n Monday, the premiere of Two and a Half Men aired on the same night as Comedy Central's brutal roast of Charlie Sheen, but it may actually be the CBS sitcom that was more vicious to its former star. The episode opened with Charlie's funeral, and all of the women scorned by the lothario showed up to, as guest star Jenny McCarthy crudely noted, spit on his casket. Charlie's mother used the rapt funeral audience to try selling Charlie's Malibu beach house. Learning that Charlie "exploded like a balloon full of meat" after falling in front of a Paris train, nephew Jake complained that he was hungry. A few herpes and fart jokes later, Sheen's replacement, Ashton Kutcher, showed up, soaking wet from swimming to Charlie's house after a botched suicide-by-drowning attempt. Kutcher plays a heartbroken billionaire named Walden Schmidt, who bought Charlie's house — only to walk naked around it no fewer than three times. Clothed or otherwise, how did Kutcher do as Sheen's replacement?
Nudity aside, he failed to make an impression: Sitcom characters should fit into an easily-defined mold, says Todd VanDerWerff at The A.V. Club. But as Walden, Kutcher is asked to play several different character types at once — and none succeeds. He doesn't pull off the accidental playboy or the sad sack routine — no way is a billionaire who looks like Kutcher "that sad" — and he's even less convincing playing obliviously attractive. At the very least, though, the character offered a chance to break from the "Ha, ha Charlie Sheen's an asshole" jokes in favor of of "Ashton Kutcher: Big Penis" jokes.
"Two and a Half Men — Nice to meet you, Walden Schmidt"
Kutcher's disappointing performance is the writers' fault: We get it, says David Hinckley at the New York Daily News. Kutcher has no problem baring it all. By the third act of the premiere, "the writers had clearly decided that walking around naked was Walden's best shot at a laugh." Writers will need to find a way to utilize a clothed Kutcher if he's going to get any real laughs. Saddled with repetitive "well-hung" jokes, Kutcher didn't have much of a chance to establish chemistry with the cast. "New sheriff, new abs. Now we wait to see if it finds new jokes."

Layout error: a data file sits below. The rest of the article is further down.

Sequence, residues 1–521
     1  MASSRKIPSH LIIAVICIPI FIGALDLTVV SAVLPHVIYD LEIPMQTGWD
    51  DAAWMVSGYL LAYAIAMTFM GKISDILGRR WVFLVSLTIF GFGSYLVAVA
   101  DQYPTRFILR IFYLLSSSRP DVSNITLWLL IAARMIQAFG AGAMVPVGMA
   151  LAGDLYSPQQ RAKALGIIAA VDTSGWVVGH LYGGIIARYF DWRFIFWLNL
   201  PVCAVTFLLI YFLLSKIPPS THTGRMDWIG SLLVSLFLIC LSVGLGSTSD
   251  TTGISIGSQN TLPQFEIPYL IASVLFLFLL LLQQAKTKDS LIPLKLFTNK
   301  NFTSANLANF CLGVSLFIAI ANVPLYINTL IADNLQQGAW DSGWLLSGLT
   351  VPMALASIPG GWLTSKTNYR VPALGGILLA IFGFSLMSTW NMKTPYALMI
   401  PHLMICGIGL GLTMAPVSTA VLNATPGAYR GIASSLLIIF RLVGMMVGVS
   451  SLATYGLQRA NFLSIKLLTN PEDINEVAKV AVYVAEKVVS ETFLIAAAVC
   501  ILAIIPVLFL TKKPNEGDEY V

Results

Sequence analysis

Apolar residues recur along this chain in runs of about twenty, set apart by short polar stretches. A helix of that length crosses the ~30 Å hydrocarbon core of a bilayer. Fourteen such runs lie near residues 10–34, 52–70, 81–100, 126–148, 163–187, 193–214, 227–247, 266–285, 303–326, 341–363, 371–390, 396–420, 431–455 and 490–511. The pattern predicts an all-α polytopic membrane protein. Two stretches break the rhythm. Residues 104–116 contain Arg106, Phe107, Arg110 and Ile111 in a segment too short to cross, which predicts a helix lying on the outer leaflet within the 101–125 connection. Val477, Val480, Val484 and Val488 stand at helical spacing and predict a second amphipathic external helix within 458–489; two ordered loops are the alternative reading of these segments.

"Two and a Half Men debuts Ashton Kutcher in Charlie Sheen's place, but actor fails at being funny"
Actually, he fit in just fine: Kutcher did a solid job in his debut, says Ken Tucker at Entertainment Weekly. He proved a worthy replacement, and his joke delivery was "nearly as poker-faced fine as Sheen's was." If anyone is underwhelmed by the premiere, it's probably because the summer's Charlie Sheen Meltdown hoopla made audiences briefly forget that Two and a Half Men is actually "quite a crappy little show."
"Ashton Kutcher joined Two and a Half Men, and Charlie Sheen was roasted"
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